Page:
ClientEarth, the climate change pressure group, is seeking a judicial review of the Financial Conduct Authority’s (the “FCA”) decision to approve the prospectus of Ithaca Energy Plc (the “Company”).
ClientEarth allege that the prospectus approved by the FCA failed to adequately describe the climate-related risks associated with investing in the Company, given the sector (oil and gas) and locations (the North Sea) in which the Company operates. It is alleged that, although it acknowledges that climate change presents risks to the oil and gas industry, the prospectus does not explain how these risks specifically affect the business of the Company or how significant they are and, therefore, that investors have not been given the level of disclosure required by section 80 of the Finance Services and Markets Act 2000 (“FSMA”).
Section 80 of FSMA makes it a requirement that a prospectus contains all information as would be reasonably required to make an informed assessment of, among other things, “…the assets and liabilities, financial position, profits and losses, and prospects of the issuer of the securities…”. Current and reasonably foreseeable regulation of the oil and gas industry, on the basis of its impact on the environment and the climate, could be a factor which affects the financial position of a company, and the court is being asked in the judicial review to consider whether or not there is any requirement to look again at the disclosures made in the prospectus and whether they meet the section 80 requirement.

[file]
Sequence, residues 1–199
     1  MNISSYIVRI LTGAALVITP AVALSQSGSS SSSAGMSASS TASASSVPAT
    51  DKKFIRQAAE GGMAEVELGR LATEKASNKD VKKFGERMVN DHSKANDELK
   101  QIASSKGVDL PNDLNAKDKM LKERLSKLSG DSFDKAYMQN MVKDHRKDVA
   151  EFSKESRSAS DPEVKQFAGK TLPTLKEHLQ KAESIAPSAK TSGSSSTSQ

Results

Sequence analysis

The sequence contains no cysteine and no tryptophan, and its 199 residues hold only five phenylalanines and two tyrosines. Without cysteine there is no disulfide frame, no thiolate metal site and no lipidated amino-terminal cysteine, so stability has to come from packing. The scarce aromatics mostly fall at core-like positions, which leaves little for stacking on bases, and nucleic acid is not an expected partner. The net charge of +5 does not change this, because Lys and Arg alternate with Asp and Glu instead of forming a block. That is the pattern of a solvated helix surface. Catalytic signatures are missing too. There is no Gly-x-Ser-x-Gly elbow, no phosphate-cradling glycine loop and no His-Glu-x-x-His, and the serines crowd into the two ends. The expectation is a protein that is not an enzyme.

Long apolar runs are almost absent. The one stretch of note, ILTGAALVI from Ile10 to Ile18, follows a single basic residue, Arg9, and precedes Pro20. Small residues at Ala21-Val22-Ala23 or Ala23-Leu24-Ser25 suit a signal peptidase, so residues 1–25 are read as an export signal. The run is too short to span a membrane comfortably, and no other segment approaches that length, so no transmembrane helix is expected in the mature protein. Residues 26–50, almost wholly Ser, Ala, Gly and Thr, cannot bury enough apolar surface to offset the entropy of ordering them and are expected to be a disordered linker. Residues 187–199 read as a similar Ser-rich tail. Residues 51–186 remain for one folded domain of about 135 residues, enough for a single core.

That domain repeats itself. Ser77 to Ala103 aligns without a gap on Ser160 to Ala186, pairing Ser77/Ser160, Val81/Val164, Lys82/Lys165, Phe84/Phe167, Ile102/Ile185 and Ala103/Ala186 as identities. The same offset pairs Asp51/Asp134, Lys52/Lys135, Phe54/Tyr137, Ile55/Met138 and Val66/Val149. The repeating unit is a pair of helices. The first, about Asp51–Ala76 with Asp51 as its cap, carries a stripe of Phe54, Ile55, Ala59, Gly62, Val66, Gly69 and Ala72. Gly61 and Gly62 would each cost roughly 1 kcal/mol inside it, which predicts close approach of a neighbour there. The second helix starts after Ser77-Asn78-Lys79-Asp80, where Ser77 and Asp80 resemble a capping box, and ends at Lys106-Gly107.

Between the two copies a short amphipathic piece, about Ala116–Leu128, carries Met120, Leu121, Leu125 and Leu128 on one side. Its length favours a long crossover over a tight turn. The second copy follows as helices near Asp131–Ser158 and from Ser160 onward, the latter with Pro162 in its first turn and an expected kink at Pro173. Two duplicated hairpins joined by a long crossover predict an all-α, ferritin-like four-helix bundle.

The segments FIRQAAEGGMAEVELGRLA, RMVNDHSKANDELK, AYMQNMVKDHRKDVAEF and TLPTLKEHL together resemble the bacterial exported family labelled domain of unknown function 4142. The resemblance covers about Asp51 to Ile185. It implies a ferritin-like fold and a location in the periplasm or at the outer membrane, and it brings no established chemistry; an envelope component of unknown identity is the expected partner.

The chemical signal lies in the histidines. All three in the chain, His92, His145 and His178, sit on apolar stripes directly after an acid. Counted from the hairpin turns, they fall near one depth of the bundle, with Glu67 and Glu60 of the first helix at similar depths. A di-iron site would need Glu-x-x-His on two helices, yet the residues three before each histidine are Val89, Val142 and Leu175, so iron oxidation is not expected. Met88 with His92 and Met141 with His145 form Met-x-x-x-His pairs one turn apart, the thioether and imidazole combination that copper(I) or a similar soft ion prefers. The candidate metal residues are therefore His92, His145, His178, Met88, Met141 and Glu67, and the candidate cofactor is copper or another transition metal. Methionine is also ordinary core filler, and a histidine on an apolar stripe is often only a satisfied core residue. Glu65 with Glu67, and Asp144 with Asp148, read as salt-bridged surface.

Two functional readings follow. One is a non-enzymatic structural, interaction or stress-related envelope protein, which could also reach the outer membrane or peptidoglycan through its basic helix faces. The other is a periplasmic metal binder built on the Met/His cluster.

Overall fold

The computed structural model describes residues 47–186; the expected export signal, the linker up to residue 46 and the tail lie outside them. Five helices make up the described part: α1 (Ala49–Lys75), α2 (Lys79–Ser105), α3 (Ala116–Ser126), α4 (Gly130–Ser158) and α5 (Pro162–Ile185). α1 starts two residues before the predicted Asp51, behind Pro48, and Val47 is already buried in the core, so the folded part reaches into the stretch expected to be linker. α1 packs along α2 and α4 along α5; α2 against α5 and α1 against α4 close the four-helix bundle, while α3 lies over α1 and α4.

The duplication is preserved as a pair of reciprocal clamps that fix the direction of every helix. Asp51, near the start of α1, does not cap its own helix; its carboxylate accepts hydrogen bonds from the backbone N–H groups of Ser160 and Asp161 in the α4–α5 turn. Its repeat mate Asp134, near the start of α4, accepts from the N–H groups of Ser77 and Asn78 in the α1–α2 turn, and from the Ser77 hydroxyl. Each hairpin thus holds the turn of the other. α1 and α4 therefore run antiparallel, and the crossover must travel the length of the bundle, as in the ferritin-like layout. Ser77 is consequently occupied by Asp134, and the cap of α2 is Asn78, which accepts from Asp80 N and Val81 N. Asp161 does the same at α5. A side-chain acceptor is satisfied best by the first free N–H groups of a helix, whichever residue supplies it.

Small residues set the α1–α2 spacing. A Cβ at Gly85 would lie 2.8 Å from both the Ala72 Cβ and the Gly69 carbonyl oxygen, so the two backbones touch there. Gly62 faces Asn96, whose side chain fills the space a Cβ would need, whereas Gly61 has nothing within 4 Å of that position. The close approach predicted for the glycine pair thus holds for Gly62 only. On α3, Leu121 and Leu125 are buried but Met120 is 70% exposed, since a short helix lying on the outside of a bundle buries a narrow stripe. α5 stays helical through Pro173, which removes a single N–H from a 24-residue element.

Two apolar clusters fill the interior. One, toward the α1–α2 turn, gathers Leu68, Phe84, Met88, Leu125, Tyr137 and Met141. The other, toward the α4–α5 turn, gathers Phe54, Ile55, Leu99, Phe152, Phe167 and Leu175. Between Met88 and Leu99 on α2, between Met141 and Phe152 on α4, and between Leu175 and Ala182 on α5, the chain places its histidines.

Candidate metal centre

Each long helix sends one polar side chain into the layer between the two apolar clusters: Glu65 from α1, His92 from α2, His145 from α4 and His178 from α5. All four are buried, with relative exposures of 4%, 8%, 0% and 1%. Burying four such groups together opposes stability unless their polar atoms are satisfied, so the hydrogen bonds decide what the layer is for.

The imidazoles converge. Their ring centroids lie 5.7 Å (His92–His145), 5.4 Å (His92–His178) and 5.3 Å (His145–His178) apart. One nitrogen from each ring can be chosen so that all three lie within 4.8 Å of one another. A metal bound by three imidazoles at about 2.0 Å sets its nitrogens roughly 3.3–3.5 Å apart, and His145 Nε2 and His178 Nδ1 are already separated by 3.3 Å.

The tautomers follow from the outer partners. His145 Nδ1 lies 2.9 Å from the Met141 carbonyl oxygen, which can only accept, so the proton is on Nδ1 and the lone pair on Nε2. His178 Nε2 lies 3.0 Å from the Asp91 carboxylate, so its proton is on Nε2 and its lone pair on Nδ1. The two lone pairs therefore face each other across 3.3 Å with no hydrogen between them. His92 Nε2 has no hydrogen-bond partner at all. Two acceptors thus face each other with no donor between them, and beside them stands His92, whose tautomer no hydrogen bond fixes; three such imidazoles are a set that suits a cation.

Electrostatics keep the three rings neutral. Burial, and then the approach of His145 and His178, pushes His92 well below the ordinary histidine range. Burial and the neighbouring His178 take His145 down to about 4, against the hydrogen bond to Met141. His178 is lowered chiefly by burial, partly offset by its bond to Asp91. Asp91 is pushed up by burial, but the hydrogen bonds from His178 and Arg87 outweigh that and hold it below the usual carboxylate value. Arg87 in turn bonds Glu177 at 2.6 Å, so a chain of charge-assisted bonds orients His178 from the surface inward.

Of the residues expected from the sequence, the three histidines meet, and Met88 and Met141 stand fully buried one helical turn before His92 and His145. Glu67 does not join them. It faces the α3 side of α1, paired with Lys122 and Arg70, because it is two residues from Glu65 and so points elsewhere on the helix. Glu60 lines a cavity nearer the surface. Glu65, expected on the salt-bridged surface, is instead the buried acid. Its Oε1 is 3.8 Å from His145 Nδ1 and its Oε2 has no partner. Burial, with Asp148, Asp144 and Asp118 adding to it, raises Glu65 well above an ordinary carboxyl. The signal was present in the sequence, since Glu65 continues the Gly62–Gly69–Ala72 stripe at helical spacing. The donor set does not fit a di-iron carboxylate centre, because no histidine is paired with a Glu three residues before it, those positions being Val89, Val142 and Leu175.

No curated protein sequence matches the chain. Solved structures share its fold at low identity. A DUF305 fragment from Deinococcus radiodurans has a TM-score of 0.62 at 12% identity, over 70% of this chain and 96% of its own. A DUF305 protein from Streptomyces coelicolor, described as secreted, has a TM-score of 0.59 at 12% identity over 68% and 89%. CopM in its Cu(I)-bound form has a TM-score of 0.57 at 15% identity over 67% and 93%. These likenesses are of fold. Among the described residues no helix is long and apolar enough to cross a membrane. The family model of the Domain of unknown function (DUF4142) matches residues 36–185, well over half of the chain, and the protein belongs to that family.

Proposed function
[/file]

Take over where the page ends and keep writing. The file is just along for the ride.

Section 90 of FSMA makes those responsible for drafting a prospectus potentially liable to pay compensation to any person who suffers a loss as a result of, among other things, non-compliance with section 80, so issuers and potential issuers operating in sectors where there is clear climate-related risk should watch carefully the outcome of this application and the potential judicial review. If granted, the FCA could be required to look again at the disclosures made in the Company’s prospectus and to require an increased level of specificity as regards the disclosures relating to the Company’s climate-related risks. This would no doubt then become the standard required by the FCA during their review of future prospectuses issued by companies operating businesses with climate-related risks.
Even if the application is rejected, the application could serve as a timely reminder to the FCA that it is likely to be required to play an increasing role in the pursuit of the climate goals set out in the Climate Change Act 2008 on the basis that the Financial Services and Markets Bill 2023 (currently making its way through the UK Parliament) introduces a new regulatory principle requiring the FCA to have regard to the need to contribute towards achieving compliance with the Climate Change Act 2008 when discharging its functions.
The UK Capital Markets team at Haynes Boone represents UK and foreign issuers, underwriters, trustees and other service providers in a full range of public and private debt and equity capital markets transactions.